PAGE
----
Air Force Memorial Will Be Closed to Spectators on Independence Day

Public access to the Southern Expansion portion of ANC, which includes access to the Air Force Memorial, will be closed on July 4.

Published on: Thursday, June 30, 2022

Last Tuskegee Airmen Pilot Laid to Rest

By AMBER R VINCENT on 6/22/2022

By: Kevin Hymel, ANC Contract Historian

For a somber event, the funeral for Colonel Charles McGee, the last Tuskegee Airmen pilot, was surprisingly joyous. The Air Force band set the mood by playing “Ode to Joy” as they followed the caisson to the burial location in Section 3 of Arlington National Cemetery. Chaplain (Lt. Col.) Richard S. Beyea III kept up the theme by declaring to the gathered mourners, “We are celebrating an incredible life.” McGee had lived 102 years before passing away on January 16, 2022. He had been promoted to brigadier general after his retirement.

From Tomb100 to Flowers of Remembrance

By AMBER R VINCENT on 5/31/2022

By: Kevin Hymel, ANC Contract Historian

Arlington National Cemetery’s Tomb sentinels, members of 3d U.S. Infantry Regiment, the Old Guard, will play a key role in the upcoming Flowers of Remembrance Day on May 28, when the public can lay flowers at the Tomb of the Unknown Soldier. And the sentinels are ready. They already helped the public lay flowers for two days in early November 2021 for the Tomb Centennial.

Flags In 2022

By AMBER R VINCENT on 5/28/2022

By: Kevin Hymel, ANC Contract Historian

In the pre-dawn darkness of Thursday, May 26, uniformed members of the military spread out among the headstones of Arlington National Cemetery, their rucksacks filled with American flags. Quietly, they placed a boot against a headstone and pushed a flag into the ground at their heel. Then they moved onto the next headstone and repeated the process until a flag stood at the base of every headstone. The event, known as Flags-In had been a Memorial Day tradition since 1948.

Flowers of Remembrance Day: Inaugurating a New Tradition at Arlington National Cemetery

By AMBER R VINCENT on 5/20/2022

On Saturday May 28, 2022, Arlington National Cemetery (ANC) will be inaugurating a new tradition: Flowers of Remembrance Day. During this ceremony, the public will be afforded the rare opportunity to walk on the plaza in front of the Tomb of the Unknown Soldier and place a flower there to memorialize our nation’s military dead. In conceptualizing the idea for this ceremony, ANC drew from several historical precedents and the events of the recent Tomb of the Unknown Soldier Centennial Commemoration to create a new, modern tradition for Memorial Day weekend. Since the cemetery’s early years, honoring the war dead with flowers has been a consistent ritual at ANC. This new iteration through Flowers of Remembrance Day forms yet another step in the evolution of this tradition. To help the public understand this ceremony’s intent and symbolism, this blog article explains the rich historical context surrounding this new event and situates it within the 158-year legacy of mili ...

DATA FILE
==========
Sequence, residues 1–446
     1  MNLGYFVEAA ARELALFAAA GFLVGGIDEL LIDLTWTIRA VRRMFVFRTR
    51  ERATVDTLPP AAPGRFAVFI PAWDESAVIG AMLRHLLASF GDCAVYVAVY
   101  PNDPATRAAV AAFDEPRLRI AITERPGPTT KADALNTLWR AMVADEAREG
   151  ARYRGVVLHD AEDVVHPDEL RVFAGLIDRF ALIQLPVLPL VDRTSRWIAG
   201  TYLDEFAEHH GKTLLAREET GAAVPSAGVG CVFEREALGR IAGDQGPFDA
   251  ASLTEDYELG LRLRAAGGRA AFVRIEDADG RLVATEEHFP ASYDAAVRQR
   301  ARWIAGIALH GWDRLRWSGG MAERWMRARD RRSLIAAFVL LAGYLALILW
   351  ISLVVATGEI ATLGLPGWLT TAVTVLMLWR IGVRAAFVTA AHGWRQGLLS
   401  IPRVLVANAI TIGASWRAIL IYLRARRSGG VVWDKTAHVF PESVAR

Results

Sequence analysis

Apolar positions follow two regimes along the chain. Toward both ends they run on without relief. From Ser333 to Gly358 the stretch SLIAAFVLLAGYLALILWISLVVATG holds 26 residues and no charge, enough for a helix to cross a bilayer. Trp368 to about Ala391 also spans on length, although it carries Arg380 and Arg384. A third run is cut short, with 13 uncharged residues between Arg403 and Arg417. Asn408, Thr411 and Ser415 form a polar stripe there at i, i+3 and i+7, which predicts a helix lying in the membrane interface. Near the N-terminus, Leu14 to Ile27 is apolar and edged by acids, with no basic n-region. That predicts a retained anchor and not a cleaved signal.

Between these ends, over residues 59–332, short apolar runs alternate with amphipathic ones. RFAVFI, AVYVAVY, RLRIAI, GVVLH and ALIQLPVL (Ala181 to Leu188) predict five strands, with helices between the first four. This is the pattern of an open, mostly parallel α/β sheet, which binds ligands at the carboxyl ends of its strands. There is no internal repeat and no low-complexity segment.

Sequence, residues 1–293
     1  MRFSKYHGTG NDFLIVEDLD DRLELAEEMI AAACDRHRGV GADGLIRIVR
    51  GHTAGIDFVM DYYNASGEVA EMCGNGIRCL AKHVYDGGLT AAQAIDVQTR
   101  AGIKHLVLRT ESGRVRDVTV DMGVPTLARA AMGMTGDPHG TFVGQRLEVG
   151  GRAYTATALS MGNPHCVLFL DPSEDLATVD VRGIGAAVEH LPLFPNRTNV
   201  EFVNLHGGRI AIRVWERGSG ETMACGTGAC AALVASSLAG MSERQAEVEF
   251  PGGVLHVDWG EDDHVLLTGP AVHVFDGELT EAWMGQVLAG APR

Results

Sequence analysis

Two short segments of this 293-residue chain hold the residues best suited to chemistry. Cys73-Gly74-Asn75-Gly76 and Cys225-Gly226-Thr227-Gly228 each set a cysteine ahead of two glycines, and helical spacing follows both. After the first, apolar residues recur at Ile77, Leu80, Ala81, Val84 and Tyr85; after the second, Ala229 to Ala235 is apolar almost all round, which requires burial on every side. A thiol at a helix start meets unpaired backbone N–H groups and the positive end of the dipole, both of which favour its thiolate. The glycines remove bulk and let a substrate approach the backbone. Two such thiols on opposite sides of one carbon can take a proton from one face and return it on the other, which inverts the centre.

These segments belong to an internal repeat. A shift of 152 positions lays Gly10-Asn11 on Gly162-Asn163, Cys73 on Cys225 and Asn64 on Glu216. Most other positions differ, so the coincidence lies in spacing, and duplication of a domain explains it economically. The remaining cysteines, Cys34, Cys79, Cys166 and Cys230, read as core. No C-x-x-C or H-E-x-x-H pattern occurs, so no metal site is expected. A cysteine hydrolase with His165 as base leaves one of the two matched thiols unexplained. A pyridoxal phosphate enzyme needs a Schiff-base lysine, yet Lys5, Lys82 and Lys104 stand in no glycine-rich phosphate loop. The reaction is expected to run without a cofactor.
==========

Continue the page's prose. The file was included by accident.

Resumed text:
Ida Lewis, "The Bravest Woman in America"


Ida Lewis, the namesake of Arlington National Cemetery’s Lewis Drive, was once known as “the bravest woman in America.” Lewis served as an official lighthouse keeper for the U.S. Lighthouse Service (later absorbed into the Coast Guard) from 1879 until her death, at age 69, in 1911. 

Medal of Honor Recipients Lay Wreath at Tomb of Unknown Soldier


On National Medal of Honor Day, March 25, 2022, two Vietnam veterans, with Medals of Honor draped around their necks, laid a wreath from the Congressional Medal of Honor Society at Arlington National Cemetery’s Tomb of the Unknown Soldier. The two men together symbolized the opening and closing of U.S. involvement in the Vietnam War. Barney Barnum, a retired colonel in the U.S. Marine Corps, earned his medal on December 18, 1965, as American grounds troops began arriving in South Vietnam. Brian Thacker, who served as a lieutenant in the U.S. Army, earned his on March 31, 1971, as U.S. troops gradually withdrew from the country.

USS Oklahoma Sailor Buried at Arlington National Cemetery


Seaman 1st Class Walt Stein’s life was cut short on December 7, 1941, when the Japanese attacked Pearl Harbor, Hawaii. The 20-year-old sailor from Cheyenne, Wyoming, was serving onboard the battleship USS Oklahoma when Japanese torpedo bombers struck the ship multiple times. The Oklahoma quickly capsized, killing 429 crewmen, including Stein. But his body remained unidentified, leaving his family to wonder about his fate for decades.

Honoring the Life and Legacy of Justice Ruth Bader Ginsburg


It is fitting that one of the most important women in American history had a birthday in March, Women’s History Month. Ruth Bader Ginsburg — Supreme Court justice, cultural icon, and indefatigable champion of gender equality — was born on March 15, 1933. She is buried in Section 5 of Arlington National Cemetery, next to her husband, Martin Ginsburg, an attorney and U.S. Army veteran.   

Army Band Members Honor Musician Lt. James Reese Europe


On February 22, 2022, a small group of soldiers — some in black coats with gold lanyards and red service caps, others in World War I period “doughboy” uniforms — gathered at the grave of Lieutenant James Reese Europe. They were there for a ceremony to honor the anniversary of his birthday, in 1881. Europe, a renowned musical innovator, served as a Black officer in the segregated U.S. Army during World War I. He led the band for the 369th Infantry Regiment, the famed “Harlem Hellfighters.”

Braving the Cold, Collecting Wreaths


Despite the 12-degree temperatures on the morning of January 22, 2022, people roamed through Arlington National Cemetery removing wreaths from headstones. To these volunteers, braving the cold weather to collect wreaths was only a small sacrifice. To them, it was way to honor those who sacrificed all.